Interleaving: A teacher's guide

Paul Main

Interleaving: A teacher's guide to using this study technique for better student memory and retrieval.

What is Interleaving?

Interleaving is a learning technique in which learners mix, or interleave multiple topics or subjects while studying to improve their learning process.

The theory proposes that for learning two or more related topics or concepts, it is better to alternate between them rather than focusing exclusively on one topic or concept at a time. For instance, if a student is learning about short-term difficulties of pollution in a geography project, the student would also study how to bring improvements in energy supply on the same day by mixing the two topics or by switching back and forth between them.

This study strategy has been linked to an improvement in memory and its popularity has grown as the beneficial effects have been documented by organisations such as the chartered college of teaching. Interleaving is a method of teaching where students learn concepts in different ways at different times. This approach helps them retain information better because they're not just memorizing facts and figures. They're actually thinking about the material and applying it to real life situations.

When you teach a concept through interleaving, you give students practice with the material before moving on to another topic. So when you teach a concept, you should spend some time explaining it, then move on to another concept. Then come back to the original concept later.

This process repeats itself throughout the course, giving students multiple chances to understand the material. Interleaving works well for topics that require deep understanding, such as algebra or calculus. But it doesn't work very well for subjects that are taught in bite-sized chunks, like reading comprehension or vocabulary.

To help students grasp these types of concepts, try interleaving during class time. Instead of lecturing on the same topic over and over again, break the lesson down into small pieces and let students discuss each piece individually. Afterward, bring the group together and review the entire concept.

Interleaving is an effective strategy for developing problem-solving and categorisation skills. Also, interleaving leads to enhanced long-term retention and increased ability to transmit learned knowledge.

Interleaving forces the deep brain stimulation for retrieving because each practice attempt is new, so rote responses used from short-term memory won’t help. Experts of Cognitive Psychology believe that interleaving improves the brain’s ability to discriminate or differentiate, between concepts and fortifies memory associations. Along with the application of spacing, schools are increasingly seeing this as an effective strategy for exam preparation. In this article, we will explore the implications for memory & cognition.

Interleaved practice vs massed practice
Interleaved practice vs massed practice

What does Research say about Interleaving?

Many research studies have indicated that students learn better when they are repeatedly exposed to different interleaved or shuffled concepts, rather than blocked (Rohrer, 2012). In a study session, a student might feel that he had a more difficult time studying due to interleaving. But, in the long-term, he would end up learning better through interleaving.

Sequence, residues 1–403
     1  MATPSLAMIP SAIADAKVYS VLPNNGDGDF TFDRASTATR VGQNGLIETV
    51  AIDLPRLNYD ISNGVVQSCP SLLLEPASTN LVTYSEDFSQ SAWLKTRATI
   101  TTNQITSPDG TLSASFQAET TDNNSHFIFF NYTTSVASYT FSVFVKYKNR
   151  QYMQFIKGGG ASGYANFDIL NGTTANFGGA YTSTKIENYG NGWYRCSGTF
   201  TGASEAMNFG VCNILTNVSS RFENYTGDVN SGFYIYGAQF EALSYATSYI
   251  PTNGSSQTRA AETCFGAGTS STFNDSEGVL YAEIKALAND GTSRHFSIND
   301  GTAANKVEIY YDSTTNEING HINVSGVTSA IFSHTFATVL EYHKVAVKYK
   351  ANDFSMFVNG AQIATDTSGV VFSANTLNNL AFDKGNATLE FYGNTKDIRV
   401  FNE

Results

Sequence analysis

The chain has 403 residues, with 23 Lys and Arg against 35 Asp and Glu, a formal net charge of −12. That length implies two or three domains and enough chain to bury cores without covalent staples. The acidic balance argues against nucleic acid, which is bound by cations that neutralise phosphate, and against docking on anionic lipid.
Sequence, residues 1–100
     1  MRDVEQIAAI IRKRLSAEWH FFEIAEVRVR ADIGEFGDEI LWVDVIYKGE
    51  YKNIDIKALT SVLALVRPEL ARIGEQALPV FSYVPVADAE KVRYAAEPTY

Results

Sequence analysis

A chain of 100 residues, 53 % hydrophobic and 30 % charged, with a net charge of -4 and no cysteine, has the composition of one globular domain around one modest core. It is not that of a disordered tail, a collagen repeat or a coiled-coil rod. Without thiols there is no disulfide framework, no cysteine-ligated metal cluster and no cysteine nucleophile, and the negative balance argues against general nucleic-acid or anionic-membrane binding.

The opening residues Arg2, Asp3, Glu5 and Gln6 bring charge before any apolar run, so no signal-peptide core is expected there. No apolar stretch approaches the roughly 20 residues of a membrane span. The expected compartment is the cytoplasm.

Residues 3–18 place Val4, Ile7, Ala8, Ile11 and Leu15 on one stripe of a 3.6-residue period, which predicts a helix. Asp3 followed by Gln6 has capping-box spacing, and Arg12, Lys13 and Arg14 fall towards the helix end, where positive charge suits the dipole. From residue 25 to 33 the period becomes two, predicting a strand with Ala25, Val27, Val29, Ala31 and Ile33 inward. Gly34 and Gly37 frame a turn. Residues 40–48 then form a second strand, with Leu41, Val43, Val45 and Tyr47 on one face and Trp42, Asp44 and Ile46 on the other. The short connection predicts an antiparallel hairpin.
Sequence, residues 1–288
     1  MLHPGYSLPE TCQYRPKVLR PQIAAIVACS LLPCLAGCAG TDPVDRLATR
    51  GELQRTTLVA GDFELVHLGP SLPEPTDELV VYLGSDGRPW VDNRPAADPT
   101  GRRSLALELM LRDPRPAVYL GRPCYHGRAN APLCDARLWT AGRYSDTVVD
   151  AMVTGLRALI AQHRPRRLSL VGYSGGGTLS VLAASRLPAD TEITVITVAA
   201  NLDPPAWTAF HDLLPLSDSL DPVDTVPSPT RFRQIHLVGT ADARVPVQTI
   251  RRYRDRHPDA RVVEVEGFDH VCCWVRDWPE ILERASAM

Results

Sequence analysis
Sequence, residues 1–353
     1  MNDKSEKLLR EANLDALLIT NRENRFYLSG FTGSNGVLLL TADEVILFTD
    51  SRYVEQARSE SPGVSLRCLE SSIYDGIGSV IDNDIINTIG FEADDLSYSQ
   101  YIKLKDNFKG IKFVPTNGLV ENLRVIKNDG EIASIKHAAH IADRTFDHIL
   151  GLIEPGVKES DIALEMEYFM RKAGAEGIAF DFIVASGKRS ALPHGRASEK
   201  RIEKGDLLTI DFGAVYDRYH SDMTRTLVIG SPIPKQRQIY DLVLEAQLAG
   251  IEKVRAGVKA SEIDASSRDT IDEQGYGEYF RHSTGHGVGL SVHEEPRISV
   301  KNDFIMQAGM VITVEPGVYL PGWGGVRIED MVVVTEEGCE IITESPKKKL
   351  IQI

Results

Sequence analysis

Cognitive psychologists suggest that one shouldn’t study a single topic, idea, or similar type of problem for too long. It is recommended to change the topic often. Interleaving may seem more difficult than studying a single topic for a long time, but it is more beneficial in the long run (Kornell & Bjork, 2013).

Bjork R & Bjork E (2011) assessed the impact of adding two desirable difficulties in making the task easier. In their study, Bjork R & Bjork E (2011) focused on a relatively short-duration set of tasks provided in a single lesson and assessed how desirable difficulties affect the learning process of a topic. Their study revealed that making things difficult in a positive manner, results in improved learning of the students. In another study conducted by Kornell & Bjork (2013), the researchers investigated whether interleaving can be used to improve the performance of students. The researchers compared three groups: Students who studied a single topic; students who studied two topics simultaneously; and students who studied two topics sequentially. They found that students who studied two topics concurrently performed significantly better than those who studied only one topic.

In another study, Rohrer (2012) examined the effect of interleaving on the performance of students. He found out that students who were taught using interleaving outperformed those who were taught using blocking.

The above mentioned studies provide evidence that interleaving helps in improving the overall performance of students. However, there is no conclusive proof that interleaving helps students retain information longer.

Desirable difficulties
desirable difficulties sketch note

What are some interleaving strategies?

There is no single correct way to use interleaving. Its effectiveness depends upon many factors such as learners' surrounding environment, the type of material involved, as well as learners' abilities and preferences. Hence, the learner needs to assess these factors and then decide when and how to interleave. It is also suggested to assess the effectiveness of the interleaved practice over time and experiment with multiple approaches to it.